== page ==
Greenwich Foot Tunnel 'unusual smell' illness cause unknown

The Greenwich Foot Tunnel in south-east London
Image caption The foot tunnel opened in 1902 to allow south Londoners to work on the docks in east London

The cause of illness in seven pedestrians at Greenwich Foot Tunnel in south-east London is unknown, the fire brigade and police have said.

The patients were checked by London Ambulance Service after becoming unwell shortly before 19:30 BST on Friday.

The foot tunnel, which goes under the River Thames linking Greenwich with the Isle of Dogs, was shut for more than an hour and reopened at 20:53.

The Metropolitan Police said there had been reports of an "unusual smell".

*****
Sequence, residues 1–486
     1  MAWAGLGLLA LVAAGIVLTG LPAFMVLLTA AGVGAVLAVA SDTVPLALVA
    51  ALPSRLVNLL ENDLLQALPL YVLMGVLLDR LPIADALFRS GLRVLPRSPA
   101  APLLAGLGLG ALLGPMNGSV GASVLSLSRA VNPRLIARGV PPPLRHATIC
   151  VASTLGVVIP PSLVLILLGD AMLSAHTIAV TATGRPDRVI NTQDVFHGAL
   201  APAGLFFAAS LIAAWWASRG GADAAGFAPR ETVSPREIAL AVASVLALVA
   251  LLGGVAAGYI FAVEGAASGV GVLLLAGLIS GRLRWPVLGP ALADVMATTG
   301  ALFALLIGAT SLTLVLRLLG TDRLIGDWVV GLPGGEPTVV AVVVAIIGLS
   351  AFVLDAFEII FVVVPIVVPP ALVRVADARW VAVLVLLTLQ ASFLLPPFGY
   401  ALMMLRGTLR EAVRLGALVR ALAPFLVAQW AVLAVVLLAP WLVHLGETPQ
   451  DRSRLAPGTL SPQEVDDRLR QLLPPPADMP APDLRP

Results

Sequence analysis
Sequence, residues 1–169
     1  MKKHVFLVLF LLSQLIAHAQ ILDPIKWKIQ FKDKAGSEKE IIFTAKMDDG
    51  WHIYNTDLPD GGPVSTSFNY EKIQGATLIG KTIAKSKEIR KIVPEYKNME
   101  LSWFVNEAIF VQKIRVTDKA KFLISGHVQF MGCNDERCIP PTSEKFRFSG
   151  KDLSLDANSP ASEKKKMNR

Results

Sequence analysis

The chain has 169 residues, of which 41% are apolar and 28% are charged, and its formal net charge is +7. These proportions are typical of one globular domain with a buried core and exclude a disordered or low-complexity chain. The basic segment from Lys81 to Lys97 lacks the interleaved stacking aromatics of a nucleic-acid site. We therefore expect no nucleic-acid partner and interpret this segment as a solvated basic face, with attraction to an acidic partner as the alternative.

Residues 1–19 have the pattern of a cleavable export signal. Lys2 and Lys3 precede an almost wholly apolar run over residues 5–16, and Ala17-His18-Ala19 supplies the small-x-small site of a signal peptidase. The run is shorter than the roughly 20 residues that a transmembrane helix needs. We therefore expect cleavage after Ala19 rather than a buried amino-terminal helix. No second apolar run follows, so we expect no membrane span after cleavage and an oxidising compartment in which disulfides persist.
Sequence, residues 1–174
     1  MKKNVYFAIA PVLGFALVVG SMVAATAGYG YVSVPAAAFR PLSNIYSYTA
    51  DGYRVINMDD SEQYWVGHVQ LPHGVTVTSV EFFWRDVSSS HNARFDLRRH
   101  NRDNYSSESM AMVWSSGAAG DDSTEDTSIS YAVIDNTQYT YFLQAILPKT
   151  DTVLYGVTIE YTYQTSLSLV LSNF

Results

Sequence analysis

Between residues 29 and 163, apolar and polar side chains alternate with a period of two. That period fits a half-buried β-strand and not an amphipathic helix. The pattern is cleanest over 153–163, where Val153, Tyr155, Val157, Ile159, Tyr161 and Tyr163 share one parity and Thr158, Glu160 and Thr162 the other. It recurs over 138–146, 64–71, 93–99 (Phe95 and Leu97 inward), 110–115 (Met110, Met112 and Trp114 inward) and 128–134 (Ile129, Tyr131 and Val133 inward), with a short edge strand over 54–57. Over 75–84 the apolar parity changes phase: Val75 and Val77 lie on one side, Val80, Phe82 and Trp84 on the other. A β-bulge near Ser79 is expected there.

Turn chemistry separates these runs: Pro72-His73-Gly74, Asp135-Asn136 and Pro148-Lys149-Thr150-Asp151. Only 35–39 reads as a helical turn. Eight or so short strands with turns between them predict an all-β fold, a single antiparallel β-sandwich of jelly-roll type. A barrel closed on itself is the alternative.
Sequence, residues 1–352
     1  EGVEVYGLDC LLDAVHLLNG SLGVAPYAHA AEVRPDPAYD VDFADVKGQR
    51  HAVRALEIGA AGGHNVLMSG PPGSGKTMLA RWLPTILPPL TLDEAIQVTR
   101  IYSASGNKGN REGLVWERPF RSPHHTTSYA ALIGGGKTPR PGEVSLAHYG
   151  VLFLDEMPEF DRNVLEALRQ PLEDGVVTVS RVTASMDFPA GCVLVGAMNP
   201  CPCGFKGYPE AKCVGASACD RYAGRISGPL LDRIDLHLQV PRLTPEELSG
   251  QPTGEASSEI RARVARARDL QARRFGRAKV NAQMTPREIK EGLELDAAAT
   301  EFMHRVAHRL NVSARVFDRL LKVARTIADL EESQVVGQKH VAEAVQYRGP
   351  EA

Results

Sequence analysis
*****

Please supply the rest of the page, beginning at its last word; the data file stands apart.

An ambulance service spokesman said the pedestrians were assessed at the scene and did not require hospital treatment.

'Difficulty breathing'

London Fire Brigade attended the scene between about 19:30 and 21:00.

A fire brigade spokesman said: "We carried out a sweep of the area with our detection, identification, and monitoring equipment.

"Once we established there were no elevated readings we left the scene."

He said after getting the reports an ambulance crew, a cycle responder and a hazardous area response team were sent.

The Met spokesman said: "We had reports just after 19:00 BST of an unusual smell in the Greenwich Foot Tunnel.

"A number of people reported difficulty breathing, but we are not aware of any casualties.

"The cause of the smell is unknown."

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